As most headlines this morning focused on the stinging criticisms made of British Cycling and Team Sky, the DCMS report into Combating Doping in Sport also called for greater powers for the UK's Anti-Doping organisation (UKAD) amid rumours of further investigations into doping in cycling.
The select committee's report argued for a change in the law, saying that "a change... to criminalise the supply of drugs to sports people could give UKAD the powers to access documents without seeking prior agreement, and the right to seek the support of the law enforcement agencies in their investigations."
It also stated: "UK Anti-Doping (UKAD) clearly faces unpalatable decisions on priorities. It has neither the investigative nor the testing resources to respond to all the demands placed on it, which is likely to result in a responsive rather than a strategic approach to the problem of doping in sport. Its scientific and technical skills are not in doubt; its capacity is."
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That harsh reality reflects poorly on the level of the UK government's funding of anti-doping, a point that the report also acknowledges. "It is important that both WADA and UKAD are adequately funded to deal with the huge problem of doping in sport. These important anti-doping bodies cannot fulfil their mandate with insufficient funding."
It continues: "We are attracted by the idea of sports contributing a fixed percentage of their income – from sponsorship or overall – to give the anti-doping bodies some security in planning their programmes and expanding their resources."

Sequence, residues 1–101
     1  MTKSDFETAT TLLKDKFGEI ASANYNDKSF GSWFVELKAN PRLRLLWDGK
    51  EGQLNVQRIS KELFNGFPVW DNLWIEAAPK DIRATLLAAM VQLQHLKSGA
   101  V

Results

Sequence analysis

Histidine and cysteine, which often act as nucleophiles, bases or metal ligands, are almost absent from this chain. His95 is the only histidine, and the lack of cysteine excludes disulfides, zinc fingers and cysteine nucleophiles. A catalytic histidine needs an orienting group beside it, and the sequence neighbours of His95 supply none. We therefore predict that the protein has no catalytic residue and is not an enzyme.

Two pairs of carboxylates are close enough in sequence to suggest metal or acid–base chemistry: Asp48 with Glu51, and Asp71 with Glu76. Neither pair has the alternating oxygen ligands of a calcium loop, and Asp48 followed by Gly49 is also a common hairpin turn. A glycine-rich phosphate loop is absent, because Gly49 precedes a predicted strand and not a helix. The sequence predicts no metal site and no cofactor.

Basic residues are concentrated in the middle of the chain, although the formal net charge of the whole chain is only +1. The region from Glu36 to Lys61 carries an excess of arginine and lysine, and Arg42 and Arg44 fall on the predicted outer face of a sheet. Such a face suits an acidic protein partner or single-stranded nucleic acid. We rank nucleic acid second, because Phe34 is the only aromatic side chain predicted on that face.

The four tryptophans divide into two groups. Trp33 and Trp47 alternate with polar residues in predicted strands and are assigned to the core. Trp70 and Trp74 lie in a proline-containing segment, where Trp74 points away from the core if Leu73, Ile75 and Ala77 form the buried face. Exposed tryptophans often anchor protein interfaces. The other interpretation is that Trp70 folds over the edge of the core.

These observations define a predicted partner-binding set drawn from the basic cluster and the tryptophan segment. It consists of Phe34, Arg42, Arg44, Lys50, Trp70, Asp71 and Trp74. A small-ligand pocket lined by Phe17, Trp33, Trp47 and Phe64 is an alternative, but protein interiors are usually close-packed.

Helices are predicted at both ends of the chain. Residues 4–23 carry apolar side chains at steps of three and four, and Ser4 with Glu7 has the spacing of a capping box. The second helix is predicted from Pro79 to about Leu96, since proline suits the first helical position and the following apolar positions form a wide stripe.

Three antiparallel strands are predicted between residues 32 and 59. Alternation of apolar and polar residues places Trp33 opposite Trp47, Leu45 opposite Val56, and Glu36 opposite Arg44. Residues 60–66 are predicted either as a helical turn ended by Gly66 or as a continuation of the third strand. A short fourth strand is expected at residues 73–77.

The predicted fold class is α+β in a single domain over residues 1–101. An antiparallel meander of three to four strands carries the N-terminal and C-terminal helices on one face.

To those who have come forward with information but then felt under-supported by anti-doping bodies, including UKAD, this may sound encouraging. Intelligence about possible ethical malpractice by some employees of both British Cycling and Team Sky during their time with the Linda McCartney team, was passed onto UKAD, as long ago as 2012. The information led to an investigation being opened by UKAD in 2012. However, when Cyclingnews contacted several key witnesses in 2016, all confirmed that they had never been contacted by the UK's anti-doping body.
While the statute of limitations may have impacted on the pursuit of allegations that were well over a decade old at the time of the investigation, it is worth noting that some of those individuals were working for either British Cycling or Team Sky during the timescale of the DCMS select committee's investigation. Were these witnesses not contacted by UKAD because too much time had elapsed or because of a lack of funding and resource?
However, when asked about the McCartney team investigation in June 2016, a UKAD spokeperson said: "UKAD never considers an investigation to be closed as there is always a possibility that new information or intelligence may come to light."
Yesterday, the Mail on Sunday reported that further investigations into doping in cycling may be considered.
"The DCMS report will probably not be the end of Parliament’s work into doping in cycling," wrote Nick Harris. "The committee gathered information about senior personnel who doped as cyclists and then allegedly lied about that, including to Parliament. Sources say a separate study into that alleged cheating, cover-ups and an ongoing culture of omerta in British cycling, is on the cards."
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